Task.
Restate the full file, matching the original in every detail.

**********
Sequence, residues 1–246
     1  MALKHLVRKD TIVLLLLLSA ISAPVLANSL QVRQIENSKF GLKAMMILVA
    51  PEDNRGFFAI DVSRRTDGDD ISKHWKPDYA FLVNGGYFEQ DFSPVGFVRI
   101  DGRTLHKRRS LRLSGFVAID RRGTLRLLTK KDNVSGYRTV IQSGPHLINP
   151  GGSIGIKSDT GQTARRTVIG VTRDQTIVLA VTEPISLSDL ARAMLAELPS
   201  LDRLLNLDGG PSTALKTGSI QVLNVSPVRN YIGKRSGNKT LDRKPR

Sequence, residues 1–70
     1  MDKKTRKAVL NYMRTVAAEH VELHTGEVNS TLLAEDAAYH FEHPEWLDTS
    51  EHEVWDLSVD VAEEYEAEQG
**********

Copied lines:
Sequence, residues 1–246
     1  MALKHLVRKD TIVLLLLLSA ISAPVLANSL QVRQIENSKF GLKAMMILVA
    51  PEDNRGFFAI DVSRRTDGDD ISKHWKPDYA FLVNGGYFEQ DFSPVGFVRI
   101  DGRTLHKRRS LRLSGFVAID RRGTLRLLTK KDNVSGYRTV IQSGPHLINP
   151  GGSIGIKSDT GQTARRTVIG VTRDQTIVLA VTEPISLSDL ARAMLAELPS
   201  LDRLLNLDGG PSTALKTGSI QVLNVSPVRN YIGKRSGNKT LDRKPR

Sequence, residues 1–70
     1  MDKKTRKAVL NYMRTVAAEH VELHTGEVNS TLLAEDAAYH FEHPEWLDTS
    51  EHEVWDLSVD VAEEYEAEQG